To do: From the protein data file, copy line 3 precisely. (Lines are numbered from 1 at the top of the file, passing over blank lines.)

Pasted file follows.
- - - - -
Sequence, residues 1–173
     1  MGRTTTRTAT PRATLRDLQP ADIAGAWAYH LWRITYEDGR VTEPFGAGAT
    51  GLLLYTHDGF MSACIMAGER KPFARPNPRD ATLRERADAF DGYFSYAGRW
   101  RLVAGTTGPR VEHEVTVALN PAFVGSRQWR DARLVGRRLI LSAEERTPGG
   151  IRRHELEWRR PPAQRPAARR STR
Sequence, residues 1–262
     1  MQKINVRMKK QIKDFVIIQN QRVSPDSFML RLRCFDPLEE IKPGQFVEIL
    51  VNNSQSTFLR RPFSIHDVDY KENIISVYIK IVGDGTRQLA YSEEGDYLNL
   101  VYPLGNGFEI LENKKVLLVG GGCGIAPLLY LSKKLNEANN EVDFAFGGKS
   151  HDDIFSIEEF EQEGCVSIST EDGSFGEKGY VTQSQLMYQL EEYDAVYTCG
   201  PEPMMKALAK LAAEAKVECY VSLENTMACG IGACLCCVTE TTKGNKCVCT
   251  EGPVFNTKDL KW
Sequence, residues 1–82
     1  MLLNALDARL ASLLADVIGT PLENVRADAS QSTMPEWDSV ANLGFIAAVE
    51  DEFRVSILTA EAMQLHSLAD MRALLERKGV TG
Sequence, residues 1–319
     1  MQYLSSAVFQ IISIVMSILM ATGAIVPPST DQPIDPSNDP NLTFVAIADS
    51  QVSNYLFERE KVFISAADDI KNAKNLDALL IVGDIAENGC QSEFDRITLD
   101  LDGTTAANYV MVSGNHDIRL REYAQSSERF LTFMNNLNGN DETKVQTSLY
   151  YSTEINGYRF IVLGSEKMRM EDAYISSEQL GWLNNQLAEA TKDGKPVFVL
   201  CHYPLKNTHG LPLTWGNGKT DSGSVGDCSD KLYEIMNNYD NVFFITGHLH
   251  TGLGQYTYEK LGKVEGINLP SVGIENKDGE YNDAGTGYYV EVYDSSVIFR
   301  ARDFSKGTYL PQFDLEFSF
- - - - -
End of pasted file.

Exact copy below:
    51  GLLLYTHDGF MSACIMAGER KPFARPNPRD ATLRERADAF DGYFSYAGRW